Dynamic Host Configuration Protocol (DHCP)
The Dynamic Host Configuration Protocol (DHCP) allows hosts on a TCP/IP network
to configure one or more network interfaces based on information collected
from a DHCP server. DHCP is often used, for example, by cable modem and DSL
network providers to automate network configuration for their customers.
Information typically provided via DHCP includes address and subnet mask for the
interface, default route, and domain name server.
To have OpenBSD
configure an interface using DHCP (or
its predecessor, BOOTP) the dhclient
is run on the command line with
the name of the interface
to be configured.
can also be run at boot time from
, in which
hostname files and runs dhclient
interface that is to be configured via DHCP.
The options are as follows:
- Specify an alternate location to
/etc/dhclient.conf for the configuration
- Do not daemonize. If this option is specified,
dhclient will run in the foreground and log
- dhclient will ignore any
values provided by leases for the options specified. This list will
override any ignore statements in
options must be a comma separated list of
valid option names. Invalid option names will cause the entire list to be
- Specify a file to write
the option data to. This causes dhclient to
write two pseudo-leases, “offered” and
“effective”, to the specified file. “offered”
will be the lease offered by the DHCP server; “effective”
will be the modified lease bound to the interface.
- Specify an alternate location to
for the leases file.
- Forces dhclient to be less
verbose on startup.
The DHCP protocol allows a host to contact a central server which maintains a
list of IP addresses which may be assigned on one or more subnets. A DHCP
client may request an address from this pool, and then use it on a temporary
basis for communication on the network. The DHCP protocol also provides a
mechanism whereby a client can learn important details about the network to
which it is attached, such as the location of a default router, the location
of a name server, and so on.
On startup, dhclient
instructions. It then attempts to configure the network interface
with DHCP. The special value
“egress” may be used instead of a network interface name. In
this case dhclient
will look for the network
interface currently in the interface group “egress” and
configure it with DHCP. If there is more than one network interface in the
egress group dhclient
will exit with an error.
When configuring the interface, dhclient
to remove any existing addresses, gateway routes that use the interface, and
automatically exits whenever a new
is run on the same interface.
Once the interface is configured, dhclient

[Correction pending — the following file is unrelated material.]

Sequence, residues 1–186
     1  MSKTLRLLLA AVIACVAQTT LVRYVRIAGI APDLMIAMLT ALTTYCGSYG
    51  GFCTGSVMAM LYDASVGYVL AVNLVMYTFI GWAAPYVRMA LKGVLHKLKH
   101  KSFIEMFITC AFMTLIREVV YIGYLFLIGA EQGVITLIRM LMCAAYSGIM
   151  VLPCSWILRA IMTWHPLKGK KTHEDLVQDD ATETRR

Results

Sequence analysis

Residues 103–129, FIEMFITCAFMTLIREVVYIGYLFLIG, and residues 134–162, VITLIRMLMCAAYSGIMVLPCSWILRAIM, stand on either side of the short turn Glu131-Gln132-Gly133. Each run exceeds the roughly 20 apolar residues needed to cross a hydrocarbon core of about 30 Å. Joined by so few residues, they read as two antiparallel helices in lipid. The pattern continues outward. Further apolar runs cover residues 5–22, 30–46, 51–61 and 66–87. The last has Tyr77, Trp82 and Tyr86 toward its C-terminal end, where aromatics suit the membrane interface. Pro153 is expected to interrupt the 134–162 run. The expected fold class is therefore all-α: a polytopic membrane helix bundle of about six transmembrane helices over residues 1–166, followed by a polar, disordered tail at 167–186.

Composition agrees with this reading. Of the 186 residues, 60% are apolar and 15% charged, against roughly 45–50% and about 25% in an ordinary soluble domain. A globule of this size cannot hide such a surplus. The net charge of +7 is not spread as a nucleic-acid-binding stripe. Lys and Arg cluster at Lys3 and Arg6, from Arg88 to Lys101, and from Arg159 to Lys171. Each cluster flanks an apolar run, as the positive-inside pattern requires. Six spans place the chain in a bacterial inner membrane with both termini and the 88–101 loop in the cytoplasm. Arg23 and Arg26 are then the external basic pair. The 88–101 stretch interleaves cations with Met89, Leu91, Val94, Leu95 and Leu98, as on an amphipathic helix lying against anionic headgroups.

constructs a resolv.conf(5)
file. It does this only when one or both of the options
are present (note that these
options may be offered by the DHCP server but suppressed by
). If a
resolv.conf is constructed, dhclient
contents of the
file, which are read once at start up. The constructed resolv.conf is copied
whenever the default route
goes out the interface dhclient
is running on.
monitors the system for changes to the
default route and re-checks whether it should write its resolv.conf when
possible changes are detected.
In order to keep track of leases across system reboots and server restarts,
keeps a list of leases it has been
assigned in the
represents the network interface
of the DHCP client (e.g. em0), one for each interface. On startup, after
reads the leases file to refresh its
memory about what leases it has been assigned.
Old leases are kept around in case the DHCP server is unavailable when
is first invoked (generally during the
initial system boot process). In that event, old leases from the
file which have not yet expired are tested, and if they are determined to be
valid, they are used until either they expire or the DHCP server becomes
A mobile host which may sometimes need to access a network on which no DHCP
server exists may be preloaded with a lease for a fixed address on that
network. When all attempts to contact a DHCP server have failed,
will try to validate the static lease,
and if it succeeds, it will use that lease until it is restarted.
A mobile host may also travel to some networks on which DHCP is not available
but BOOTP is. In that case, it may be advantageous to arrange with the network
administrator for an entry on the BOOTP database, so that the host can boot
quickly on that network rather than cycling through the list of old leases.
- On receiving
dhclient will restart itself, reading
obtaining a new lease.
- DHCP client configuration file
- interface-specific configuration files
- database of acquired leases
Interoperation Between DHCP and BOOTP,
RFC 1534, October
Dynamic Host Configuration Protocol,
RFC 2131, March 1997.
S. Alexander and
R. Droms, DHCP Options and BOOTP
Vendor Extensions, RFC 2132,
T. Lemon and
S. Cheshire, Encoding Long Options
in the Dynamic Host Configuration Protocol (DHCPv4),
RFC 3396, November
S. Cheshire, and B. Volz,
The Classless Static Route Option for Dynamic Host
Configuration Protocol (DHCP) version 4, RFC
3442, December 2002.
was written by
and Elliot Poger
The current implementation was reworked by Henning